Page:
Rocco Malservisi

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Differences in the viscosity of the earth’s upper mantle beneath the western US (f 10–10 Pa s) and global average values based on glacial isostatic adjustment and other data (f 10–10 Pa s) are generally ascribed to differences in temperature. We compile geochemical data on the water contents of western US lavas and mantle xenoliths, compare these data to(More)
C. Plattner,1 R. Malservisi,1 T. H. Dixon,2 P. LaFemina,2,∗ G. F. Sella,3 J. Fletcher4 and F. Suarez-Vidal4 1Sektion Geophysik der Ludwig-Maximilians Universität, Theresienstr. 41, 80333 München, Germany. E-mail: plattner@geophysik.uni-muenchen.de 2Rosenstiel School of Marine and Atmospheric Sciences, University of Miami, 4600 Rickenbacker Causeway, Miami,(More)
The Eastern California Shear Zone is bounded by the high heat flow region of the Basin and Range province and the low heat flow region of the Sierra Nevada block. This difference in thermal state influences the rheology of the lower crust/upper mantle, resulting in a viscosity contrast between the two regions. We analyze the effect of such a contrast on the(More)
[1] GPS data define a broad zone of present day deformation in the eastern Basin and Range province, western US. Using finite element models with elastic upper crust over viscoelastic lower crust/upper mantle and incorporating earthquake cycle effects, we show that these data are consistent with a model whereby most contemporary fault slip is focused on the(More)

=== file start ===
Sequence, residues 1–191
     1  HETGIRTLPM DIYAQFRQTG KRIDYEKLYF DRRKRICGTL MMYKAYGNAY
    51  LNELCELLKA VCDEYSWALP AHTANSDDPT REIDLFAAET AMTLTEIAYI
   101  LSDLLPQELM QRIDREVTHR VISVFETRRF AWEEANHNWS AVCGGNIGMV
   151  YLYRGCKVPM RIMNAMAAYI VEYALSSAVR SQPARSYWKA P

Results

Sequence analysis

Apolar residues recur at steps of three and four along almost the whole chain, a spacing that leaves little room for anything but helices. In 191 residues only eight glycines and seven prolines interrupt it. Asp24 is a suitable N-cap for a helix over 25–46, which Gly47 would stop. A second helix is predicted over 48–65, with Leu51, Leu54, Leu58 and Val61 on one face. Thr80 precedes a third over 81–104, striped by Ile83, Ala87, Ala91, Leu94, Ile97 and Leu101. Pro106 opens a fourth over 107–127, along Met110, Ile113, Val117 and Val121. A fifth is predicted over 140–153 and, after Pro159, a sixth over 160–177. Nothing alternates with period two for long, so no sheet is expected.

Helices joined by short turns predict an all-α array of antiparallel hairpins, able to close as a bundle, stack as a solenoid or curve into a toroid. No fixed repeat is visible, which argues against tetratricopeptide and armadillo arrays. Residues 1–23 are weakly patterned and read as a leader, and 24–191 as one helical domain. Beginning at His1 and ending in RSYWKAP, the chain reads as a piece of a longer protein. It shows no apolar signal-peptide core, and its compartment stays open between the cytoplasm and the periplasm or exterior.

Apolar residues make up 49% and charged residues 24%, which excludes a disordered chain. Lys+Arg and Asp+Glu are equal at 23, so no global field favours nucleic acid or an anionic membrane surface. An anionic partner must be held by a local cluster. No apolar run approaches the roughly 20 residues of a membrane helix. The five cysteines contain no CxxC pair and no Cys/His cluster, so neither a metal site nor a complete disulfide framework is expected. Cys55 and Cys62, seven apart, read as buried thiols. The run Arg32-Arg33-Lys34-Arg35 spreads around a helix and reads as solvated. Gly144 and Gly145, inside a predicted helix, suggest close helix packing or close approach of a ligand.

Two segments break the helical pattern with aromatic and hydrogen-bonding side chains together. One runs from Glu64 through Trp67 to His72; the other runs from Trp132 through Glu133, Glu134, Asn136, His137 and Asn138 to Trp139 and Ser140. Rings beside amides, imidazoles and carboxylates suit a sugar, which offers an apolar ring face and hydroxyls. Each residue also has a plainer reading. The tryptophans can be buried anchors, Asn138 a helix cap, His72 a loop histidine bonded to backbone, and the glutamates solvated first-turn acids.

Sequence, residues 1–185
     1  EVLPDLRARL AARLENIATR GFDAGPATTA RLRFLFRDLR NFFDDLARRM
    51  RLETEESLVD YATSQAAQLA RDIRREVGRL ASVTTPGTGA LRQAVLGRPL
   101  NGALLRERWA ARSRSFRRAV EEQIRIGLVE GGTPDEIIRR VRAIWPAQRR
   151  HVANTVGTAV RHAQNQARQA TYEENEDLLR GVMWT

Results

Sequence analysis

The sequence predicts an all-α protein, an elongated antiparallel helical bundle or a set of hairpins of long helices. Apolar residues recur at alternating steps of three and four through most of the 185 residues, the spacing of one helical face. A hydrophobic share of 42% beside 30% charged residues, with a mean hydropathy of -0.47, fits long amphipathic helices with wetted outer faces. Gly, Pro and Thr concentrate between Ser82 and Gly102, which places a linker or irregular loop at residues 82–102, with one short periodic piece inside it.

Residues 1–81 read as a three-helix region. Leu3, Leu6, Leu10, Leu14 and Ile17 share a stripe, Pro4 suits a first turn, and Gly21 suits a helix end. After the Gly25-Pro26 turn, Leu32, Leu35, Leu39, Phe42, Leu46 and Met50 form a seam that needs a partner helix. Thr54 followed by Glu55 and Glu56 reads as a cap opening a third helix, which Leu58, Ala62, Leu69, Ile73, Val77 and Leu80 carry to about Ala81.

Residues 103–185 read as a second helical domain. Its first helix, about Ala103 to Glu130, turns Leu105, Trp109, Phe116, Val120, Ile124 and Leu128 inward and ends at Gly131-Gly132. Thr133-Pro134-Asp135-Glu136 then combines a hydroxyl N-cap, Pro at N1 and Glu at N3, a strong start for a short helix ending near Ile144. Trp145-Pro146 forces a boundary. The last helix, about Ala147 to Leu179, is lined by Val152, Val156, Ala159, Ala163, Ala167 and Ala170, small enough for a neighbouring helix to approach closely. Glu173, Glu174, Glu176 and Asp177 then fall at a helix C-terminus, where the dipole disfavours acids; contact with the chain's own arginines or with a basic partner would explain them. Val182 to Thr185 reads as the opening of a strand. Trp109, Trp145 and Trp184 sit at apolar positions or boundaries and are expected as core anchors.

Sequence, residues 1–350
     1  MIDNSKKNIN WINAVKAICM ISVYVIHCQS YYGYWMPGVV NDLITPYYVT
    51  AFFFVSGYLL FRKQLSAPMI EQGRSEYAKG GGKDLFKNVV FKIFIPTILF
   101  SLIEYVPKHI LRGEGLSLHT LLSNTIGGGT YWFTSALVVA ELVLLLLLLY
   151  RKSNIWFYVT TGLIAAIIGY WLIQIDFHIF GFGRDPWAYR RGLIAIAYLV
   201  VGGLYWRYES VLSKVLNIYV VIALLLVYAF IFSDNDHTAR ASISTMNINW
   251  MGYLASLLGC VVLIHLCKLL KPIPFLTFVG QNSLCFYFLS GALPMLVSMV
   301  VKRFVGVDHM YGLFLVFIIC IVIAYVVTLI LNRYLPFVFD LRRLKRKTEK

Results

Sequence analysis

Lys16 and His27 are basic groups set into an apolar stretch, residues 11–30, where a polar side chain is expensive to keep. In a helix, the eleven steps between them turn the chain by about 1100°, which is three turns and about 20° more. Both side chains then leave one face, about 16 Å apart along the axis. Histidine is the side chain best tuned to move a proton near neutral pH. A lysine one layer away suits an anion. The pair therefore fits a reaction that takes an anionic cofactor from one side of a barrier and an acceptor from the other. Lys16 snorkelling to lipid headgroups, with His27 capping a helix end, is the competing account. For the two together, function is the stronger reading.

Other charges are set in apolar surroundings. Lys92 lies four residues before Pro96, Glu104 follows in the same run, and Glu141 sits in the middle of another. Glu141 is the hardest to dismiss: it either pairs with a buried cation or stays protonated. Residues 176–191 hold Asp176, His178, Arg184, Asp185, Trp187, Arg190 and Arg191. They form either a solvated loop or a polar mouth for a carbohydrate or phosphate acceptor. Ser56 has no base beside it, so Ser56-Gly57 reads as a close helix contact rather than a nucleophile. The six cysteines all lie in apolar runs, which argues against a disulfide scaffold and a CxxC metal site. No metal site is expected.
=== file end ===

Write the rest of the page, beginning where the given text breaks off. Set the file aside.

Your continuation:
The Gulf of California, Mexico, accommodates ~90% of North America-Pacific plate relative motion. While most of this motion occurs on marine transform faults and spreading centers, several fault segments in the central Gulf come close to peninsular Baja California. Here we present Global Positioning System and interferometric synthetic aperture radar data(More)
[1] Major strike slip faults juxtapose geologically dissimilar terrain which may vary in mechanical properties, leading to an asymmetric pattern of strain accumulation. We present new GPS data on the Carrizo segment of the San Andreas Fault, separating the Salinian block southwest of the fault from Franciscan terrane northeast of the fault, to better(More)
[1] Geodesy can be used to infer long-term fault slip rates, assuming a model for crust and upper mantle rheology. We examine the sensitivity of fault slip rate estimates to assumed rheology for the Agua Blanca and San Miguel-Vallecitos faults in northern Baja California, Mexico, part of the Pacific–North America plate boundary zone. The Agua Blanca fault(More)
The 5 September 2012 M(w) 7.6 earthquake on the Costa Rica subduction plate boundary followed a 62-y interseismic period. High-precision GPS recorded numerous slow slip events (SSEs) in the decade leading up to the earthquake, both up-dip and down-dip of seismic rupture. Deeper SSEs were larger than shallower ones and, if characteristic of the interseismic(More)
[1] GPS observations in south Iceland between 1994 and 2003 are compared with twodimensional elastic half-space and viscoelastic coupling models for two parallel rift zones, representing the Western and Eastern volcanic zones (WVZ, EVZ). GPS data from the Hreppar block, between the WVZ and EVZ, fit a rigid block model within uncertainties. Spreading rates(More)
Sea-level rise is beginning to cause increased inundation of many low-lying coastal areas. While most of Earth's coastal areas are at risk, areas that will be affected first are characterized by several additional factors. These include regional oceanographic and meteorological effects and/or land subsidence that cause relative sea level to rise faster than(More)